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What's the name for this ... chase? stria? groove?

In Czech, we call it "stopa" - which literally translates as "footprint" but has a lot of other meanings as well so I can't really work out which of the tons of the English translations I should use here. Trail? Trace? Vestige?

stopa kol

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    Are you looking for something describe the pattern caused by a single vehicle, or the deep grooves caused by many vehicles? For the first, "tyre tracks" as already given is great. For the second I would lean more towards "ruts". – AndyT Apr 11 '17 at 15:15
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    You can go with just tracks, but that doesn't have to be from a car, nor does it have to be in the mud, so you can only use that when those are clear from the context. If not, you'll have to add more to it to specify these factors (if they are relevant). – Jasper Apr 12 '17 at 11:39
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    EVIDENCE!!!!!!! – Bob Jarvis Apr 12 '17 at 22:14
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    @AndyT He's referring to the word stopa, which, as he says, means footprint. So I am sure he means the tire print/track mark/tread pattern. – SovereignSun Apr 14 '17 at 7:37
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It's mostly called a "tyre tread/track mark" or a "tyre tread pattern", also a "tyre track" and a "tyre print", for instance: tyre tread pattern in mud, tyre track mark in mud or tyre print in mud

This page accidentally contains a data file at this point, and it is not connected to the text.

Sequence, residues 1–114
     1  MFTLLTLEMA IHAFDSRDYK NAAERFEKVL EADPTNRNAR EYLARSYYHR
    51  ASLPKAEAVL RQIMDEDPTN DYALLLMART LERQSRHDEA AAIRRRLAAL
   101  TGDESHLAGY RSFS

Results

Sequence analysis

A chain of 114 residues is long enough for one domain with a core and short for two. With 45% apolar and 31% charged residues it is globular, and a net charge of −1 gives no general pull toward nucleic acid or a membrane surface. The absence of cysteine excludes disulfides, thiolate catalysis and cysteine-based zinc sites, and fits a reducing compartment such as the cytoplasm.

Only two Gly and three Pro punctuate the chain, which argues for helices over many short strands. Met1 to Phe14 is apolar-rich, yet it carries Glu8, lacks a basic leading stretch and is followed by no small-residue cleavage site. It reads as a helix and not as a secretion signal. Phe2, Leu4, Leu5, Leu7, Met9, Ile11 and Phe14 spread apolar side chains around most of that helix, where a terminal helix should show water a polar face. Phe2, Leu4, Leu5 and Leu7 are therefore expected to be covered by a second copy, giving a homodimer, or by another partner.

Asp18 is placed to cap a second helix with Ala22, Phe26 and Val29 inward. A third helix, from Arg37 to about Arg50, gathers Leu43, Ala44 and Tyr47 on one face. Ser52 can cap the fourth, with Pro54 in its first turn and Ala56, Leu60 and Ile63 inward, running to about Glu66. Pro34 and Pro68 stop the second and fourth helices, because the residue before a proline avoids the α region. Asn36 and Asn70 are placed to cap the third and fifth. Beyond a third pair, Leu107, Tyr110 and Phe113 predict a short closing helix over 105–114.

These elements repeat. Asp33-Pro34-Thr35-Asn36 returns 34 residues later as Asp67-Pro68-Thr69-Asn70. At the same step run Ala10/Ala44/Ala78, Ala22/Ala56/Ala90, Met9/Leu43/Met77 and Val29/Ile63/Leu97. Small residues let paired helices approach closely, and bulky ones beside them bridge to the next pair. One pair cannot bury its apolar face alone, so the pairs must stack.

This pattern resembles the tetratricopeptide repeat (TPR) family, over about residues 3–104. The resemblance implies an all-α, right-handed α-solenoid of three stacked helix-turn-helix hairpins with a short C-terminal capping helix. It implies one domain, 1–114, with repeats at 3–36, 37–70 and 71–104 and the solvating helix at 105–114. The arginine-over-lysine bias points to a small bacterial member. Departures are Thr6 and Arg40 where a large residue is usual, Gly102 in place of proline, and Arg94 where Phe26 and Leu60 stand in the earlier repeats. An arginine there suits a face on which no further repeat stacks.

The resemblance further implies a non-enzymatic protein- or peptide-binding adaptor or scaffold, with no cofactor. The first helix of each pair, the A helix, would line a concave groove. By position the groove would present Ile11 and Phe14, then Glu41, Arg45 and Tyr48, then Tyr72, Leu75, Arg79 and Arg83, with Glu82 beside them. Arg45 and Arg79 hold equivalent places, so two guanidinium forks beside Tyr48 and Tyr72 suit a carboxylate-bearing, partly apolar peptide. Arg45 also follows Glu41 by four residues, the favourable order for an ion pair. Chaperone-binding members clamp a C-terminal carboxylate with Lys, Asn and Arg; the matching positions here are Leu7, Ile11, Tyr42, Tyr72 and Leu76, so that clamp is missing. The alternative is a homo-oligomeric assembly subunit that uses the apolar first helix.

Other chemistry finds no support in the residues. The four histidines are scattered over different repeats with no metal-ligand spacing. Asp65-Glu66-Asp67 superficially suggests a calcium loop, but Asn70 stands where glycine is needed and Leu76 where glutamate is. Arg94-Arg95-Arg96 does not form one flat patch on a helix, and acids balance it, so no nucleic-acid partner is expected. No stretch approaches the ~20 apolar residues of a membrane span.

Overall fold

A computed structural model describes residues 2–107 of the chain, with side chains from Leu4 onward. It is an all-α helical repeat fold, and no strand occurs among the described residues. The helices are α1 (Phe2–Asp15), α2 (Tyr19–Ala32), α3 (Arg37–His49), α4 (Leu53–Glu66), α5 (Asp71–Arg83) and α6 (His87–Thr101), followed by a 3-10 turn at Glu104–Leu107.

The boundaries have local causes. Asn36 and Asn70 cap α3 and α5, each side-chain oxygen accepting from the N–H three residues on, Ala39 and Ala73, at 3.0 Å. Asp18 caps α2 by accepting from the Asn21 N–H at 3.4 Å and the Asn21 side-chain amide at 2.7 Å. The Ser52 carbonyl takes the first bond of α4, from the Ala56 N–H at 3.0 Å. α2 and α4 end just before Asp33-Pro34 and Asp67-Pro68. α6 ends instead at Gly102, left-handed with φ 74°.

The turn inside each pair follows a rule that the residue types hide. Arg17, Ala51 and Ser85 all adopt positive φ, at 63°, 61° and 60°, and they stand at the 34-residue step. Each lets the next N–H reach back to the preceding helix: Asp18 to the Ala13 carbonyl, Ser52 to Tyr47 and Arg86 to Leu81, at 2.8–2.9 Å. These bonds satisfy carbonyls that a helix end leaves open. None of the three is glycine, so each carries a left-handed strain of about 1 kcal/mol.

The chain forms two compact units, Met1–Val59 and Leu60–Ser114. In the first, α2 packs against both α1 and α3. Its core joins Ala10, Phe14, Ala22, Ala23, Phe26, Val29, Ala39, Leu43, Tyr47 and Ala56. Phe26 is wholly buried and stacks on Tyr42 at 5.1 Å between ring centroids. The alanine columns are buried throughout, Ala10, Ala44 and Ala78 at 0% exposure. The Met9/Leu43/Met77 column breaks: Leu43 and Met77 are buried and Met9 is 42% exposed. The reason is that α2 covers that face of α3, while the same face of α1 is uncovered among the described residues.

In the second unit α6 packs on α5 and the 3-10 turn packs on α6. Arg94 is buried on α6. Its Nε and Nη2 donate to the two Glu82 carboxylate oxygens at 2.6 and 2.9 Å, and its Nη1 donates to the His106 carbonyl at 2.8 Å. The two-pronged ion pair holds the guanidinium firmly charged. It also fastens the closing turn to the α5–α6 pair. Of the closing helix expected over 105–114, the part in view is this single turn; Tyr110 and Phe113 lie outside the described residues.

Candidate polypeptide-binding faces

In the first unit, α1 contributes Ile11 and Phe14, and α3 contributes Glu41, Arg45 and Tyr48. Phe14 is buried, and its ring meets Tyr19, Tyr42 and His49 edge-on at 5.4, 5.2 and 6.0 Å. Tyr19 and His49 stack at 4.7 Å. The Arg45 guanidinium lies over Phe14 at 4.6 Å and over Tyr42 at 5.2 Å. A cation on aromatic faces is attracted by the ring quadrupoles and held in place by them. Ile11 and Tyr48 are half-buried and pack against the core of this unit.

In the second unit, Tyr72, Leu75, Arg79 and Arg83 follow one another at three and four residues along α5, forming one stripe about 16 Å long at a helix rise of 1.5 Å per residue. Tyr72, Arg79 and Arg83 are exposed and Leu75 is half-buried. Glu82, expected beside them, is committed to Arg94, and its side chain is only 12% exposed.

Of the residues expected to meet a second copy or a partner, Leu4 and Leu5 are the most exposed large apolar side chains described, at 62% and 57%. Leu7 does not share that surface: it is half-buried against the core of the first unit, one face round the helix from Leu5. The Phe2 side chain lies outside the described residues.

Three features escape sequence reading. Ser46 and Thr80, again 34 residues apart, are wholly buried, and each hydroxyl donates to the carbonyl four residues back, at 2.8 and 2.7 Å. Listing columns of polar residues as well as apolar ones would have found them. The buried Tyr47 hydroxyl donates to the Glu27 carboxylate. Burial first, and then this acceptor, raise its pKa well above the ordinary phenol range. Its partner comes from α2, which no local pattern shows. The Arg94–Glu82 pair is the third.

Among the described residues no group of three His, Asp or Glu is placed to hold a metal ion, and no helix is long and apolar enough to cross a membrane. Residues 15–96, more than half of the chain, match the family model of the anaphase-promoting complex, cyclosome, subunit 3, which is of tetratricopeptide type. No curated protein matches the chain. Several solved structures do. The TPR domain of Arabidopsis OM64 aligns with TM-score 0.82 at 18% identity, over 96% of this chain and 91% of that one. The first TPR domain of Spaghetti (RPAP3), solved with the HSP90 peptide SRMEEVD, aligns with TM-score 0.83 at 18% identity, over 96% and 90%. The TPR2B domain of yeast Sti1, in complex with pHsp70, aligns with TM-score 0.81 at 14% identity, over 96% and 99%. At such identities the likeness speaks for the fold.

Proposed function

In British English it's "tyre", and it's "tire" in American English.

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    At least in my personal experience (British English native) you are fine just saying "tread mark," most people will understand you are talking about the ruts left by tires. – theonlygusti Apr 11 '17 at 20:03
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    Tyre marks, tread marks, and ruts are three completely different things. A rut may or may not be caused by a tyre, and a tread mark may or may not be visible inside a tyre rut. While these are all commonly used interchangeably, and in common speech will generally be understood correctly, they are still distinct from one another, and this is a distinction that is important to make on ELL. See my answer below (ell.stackexchange.com/a/126379/36596) for more details. – flith Apr 12 '17 at 7:10
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In AmE, they would be called "tire tracks". Possibly also "tread marks" but that would more likely be used for marks left on a hard surface like concrete or pavement.

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    This is a really good answer. I think the best. – theonlygusti Apr 11 '17 at 20:26
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    In the southern USA, it would just be "tracks" although anybody would understand what "tire tracks" were. "Tread marks" are where the tread of your tire is left on a surface. – Joseph Yancey Apr 11 '17 at 21:35
25

The phrase you are looking for (in BrE at least) is tread marks. They can also be called tyre tracks.

These are not specific to tread patterns left in mud, but can also be used if a vehicle leaves rubber tyre marks on a hard road.